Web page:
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Featured Article: Wetland

A subtropical wetland in Florida, USA, with an endangered American crocodile.
A wetland is a transitional environment between permanently aquatic and terrestrial environments that shares characteristics of both environments and where water, which covers the soil or is near the surface for substantial parts of the year, is the key factor in determining the nature of the ecosystem and soil. Although wetlands have aspects similar to both wet and and dry environments, they cannot be classified unambiguously as either aquatic or terrestrial. They are found on every continent except Antarctica and from the tundra to the tropics. The great variety of wetland types and the difficulty in defining their boundaries makes establishment of a precise definition difficult and controversial.

Wetlands provide innumerable economic, ecological, cultural, recreational, and aesthetic values. The rich biodiversity of wetlands has led to their being described as "biological supermarkets" and "nurseries of life"; their chemical and hydrological functions have led to their characterization as "the kidneys of the landscape." Despite these many values, the historical view of wetlands was that they were "wastelands." Such a perspective found value in draining, diking, and otherwise modifying them in order that the lands serve intensive agricultural, residential, or industrial uses. It is estimated that 50 percent of the world's original wetlands have been lost.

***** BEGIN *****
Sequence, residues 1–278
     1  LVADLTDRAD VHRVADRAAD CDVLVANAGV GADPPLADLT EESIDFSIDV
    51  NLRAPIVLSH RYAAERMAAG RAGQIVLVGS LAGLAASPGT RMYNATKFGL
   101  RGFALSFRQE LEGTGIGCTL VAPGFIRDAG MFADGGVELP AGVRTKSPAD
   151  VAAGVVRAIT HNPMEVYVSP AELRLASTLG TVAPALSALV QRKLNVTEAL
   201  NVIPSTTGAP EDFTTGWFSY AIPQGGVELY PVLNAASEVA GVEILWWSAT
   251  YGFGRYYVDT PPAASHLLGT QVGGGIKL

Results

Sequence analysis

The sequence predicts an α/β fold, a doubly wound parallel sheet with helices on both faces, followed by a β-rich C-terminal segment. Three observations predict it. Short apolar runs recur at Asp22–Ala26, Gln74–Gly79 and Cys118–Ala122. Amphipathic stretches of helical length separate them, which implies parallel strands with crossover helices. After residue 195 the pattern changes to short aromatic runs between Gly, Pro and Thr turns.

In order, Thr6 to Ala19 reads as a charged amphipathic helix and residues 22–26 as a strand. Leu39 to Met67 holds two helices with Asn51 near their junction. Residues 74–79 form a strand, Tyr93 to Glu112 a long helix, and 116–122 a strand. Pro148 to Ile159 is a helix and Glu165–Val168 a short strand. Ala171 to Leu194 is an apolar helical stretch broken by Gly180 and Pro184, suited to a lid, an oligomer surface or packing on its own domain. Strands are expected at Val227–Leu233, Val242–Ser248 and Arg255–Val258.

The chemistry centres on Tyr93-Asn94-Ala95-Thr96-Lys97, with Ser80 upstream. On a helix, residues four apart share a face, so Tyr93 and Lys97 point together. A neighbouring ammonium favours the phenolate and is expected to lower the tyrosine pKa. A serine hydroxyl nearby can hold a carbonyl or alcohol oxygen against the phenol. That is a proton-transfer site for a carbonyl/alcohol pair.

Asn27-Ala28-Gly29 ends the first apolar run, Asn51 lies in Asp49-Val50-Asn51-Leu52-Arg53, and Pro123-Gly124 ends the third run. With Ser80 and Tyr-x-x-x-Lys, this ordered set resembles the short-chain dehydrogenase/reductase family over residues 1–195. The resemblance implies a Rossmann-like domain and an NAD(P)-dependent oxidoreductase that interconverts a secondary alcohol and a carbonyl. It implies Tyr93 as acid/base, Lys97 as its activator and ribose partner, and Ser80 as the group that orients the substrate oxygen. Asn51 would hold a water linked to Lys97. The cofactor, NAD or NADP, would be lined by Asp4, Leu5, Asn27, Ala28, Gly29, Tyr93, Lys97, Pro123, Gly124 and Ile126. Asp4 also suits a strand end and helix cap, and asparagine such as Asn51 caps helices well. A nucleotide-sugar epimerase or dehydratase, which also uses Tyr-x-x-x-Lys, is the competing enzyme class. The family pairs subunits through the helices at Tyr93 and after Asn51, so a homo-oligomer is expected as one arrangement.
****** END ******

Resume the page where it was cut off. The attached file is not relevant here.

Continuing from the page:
Popular Article: NATO

NATO Summit in Prague, 2002
The North Atlantic Treaty Organization (NATO); French: Organisation du Traité de l'Atlantique Nord (OTAN); is a military alliance established by the signing of the North Atlantic Treaty on 4 April 1949. Headquartered in Brussels, Belgium, the organization constitutes a system of collective defense in which its member states agree to mutual defense in response to an attack by any external party.

For its first few years, NATO was not much more than a political association. The primary goal of the organization was to act as a defense against Communist expansion. The Korean War galvanized the member states, and an integrated military structure was built up under the direction of two U.S. supreme commanders. After the fall of the Berlin Wall in 1989, the organization became drawn into the Balkans while building better links with former potential enemies to the east, which culminated with the former Warsaw Pact states joining the alliance. Since the September 11, 2001 terrorist attacks, NATO has attempted to refocus itself to new challenges and deployed troops to Afghanistan and trainers to Iraq.